Lucene and Bloom-Filtered SegmentsPerformance improvements to be gained from“knowing what we don’t know” Mark Harwood
Benefits2 x speed up on primary-key lookupsSmall speed-up on general text searches (1.06 x )Optimised memory overheadMinimal impact on indexing speedsMinimal extra disk space
Approach One appropriately sized Bitset is held per segment, per Bloom-filtered field e.g. 4 segments x 2 filtered fields = 8 bitsetsURL 000010001000000101000001 URL 000010001000001 URL 000000001 URL 000000001PKey 0010000001001001000001 PKey 001000001 PKey 001000001 PKey 001000000100001 Segment 3 Segment 4 Segment 2 Segment 1
Fail-fast searches: modified TermInfosReader int hash=searchTerm.hashcode(); int bitIndex=hash%bitsetSize; if(!bitset.contains(bitIndex)) return false; //term might be in index – continue as normal search URL 00001000100000010100000 1 PKey 0010000001001001000001An unset bitguarantees the termis missing from thesegment and asearch can be Is most effective on fieldsavoided. Segment 1 with many low doc-frequency terms or scenarios where query terms often don’t exist in the index.
Memory efficiency Bitset sizes are automatically tuned according to: 1. the volume of terms in the segment 2. desired saturation settings (more sparse=more accurate)URL 000010001000000101000001 URL 000010001000001 URL 000000001 URL 000010000PKey 0010000001001001000001 PKey 001000000100001 PKey 001000001 PKey 001000001 Segment 3 Segment 4 Segment 2 Segment 1
Indexing: a modified TermInfosWriter Term writes are gathered in a large bitset00000000000000000000000000000000001000000000000000000000000000010000000 The final flush operation consolidates information in the big bitset into a suitably compact bitset for storage on disk based on how many set bits were accumulated. This re-mapping saves disk space and the RAM 000000000000001000000000010000000 required when servicing queries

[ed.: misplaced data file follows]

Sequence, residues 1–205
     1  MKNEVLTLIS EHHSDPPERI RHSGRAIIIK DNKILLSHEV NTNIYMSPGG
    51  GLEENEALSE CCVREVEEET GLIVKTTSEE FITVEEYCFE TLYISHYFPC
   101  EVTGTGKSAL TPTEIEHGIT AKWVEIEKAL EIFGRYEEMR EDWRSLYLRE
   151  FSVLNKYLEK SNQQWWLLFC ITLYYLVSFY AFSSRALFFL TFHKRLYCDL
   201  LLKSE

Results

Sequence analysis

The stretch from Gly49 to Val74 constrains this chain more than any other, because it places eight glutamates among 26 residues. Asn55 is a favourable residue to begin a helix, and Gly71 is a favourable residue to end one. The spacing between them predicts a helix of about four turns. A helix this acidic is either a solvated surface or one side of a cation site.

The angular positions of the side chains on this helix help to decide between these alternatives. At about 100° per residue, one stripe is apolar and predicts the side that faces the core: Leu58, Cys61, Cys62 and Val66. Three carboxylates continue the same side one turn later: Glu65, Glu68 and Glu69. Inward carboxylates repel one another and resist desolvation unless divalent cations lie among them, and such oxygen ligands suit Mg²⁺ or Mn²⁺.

NotesSee JIRA LUCENE-4069 for patch to Lucene 3.6Core modifications pass existing 3.6 Junit tests (but withoutexercising any Bloom filtering logic).Benchmarks contrasting Bloom-filtered indexes with non-filtered arehere: http://goo.gl/X7QqUTODOs Currently relies on a field naming convention to introduce a Bloom filter to the index (use “_blm” on end of indexed field name when writing) How to properly declare need for Bloom filter?Changes to IndexWriterConfig? A new Fieldable/FieldInfo setting? Dare I invoke the “schema” word? Where to expose tuning settings e.g. saturation preferences? Can we give some up-front hints to TermInfosWriter about segment size being written so initial choice of BitSet size can be reduced? Formal Junit tests required to exercise Bloom-filtered indexes – no false negatives. Can this be covered as part of existing random testing frameworks which exercise various index config options?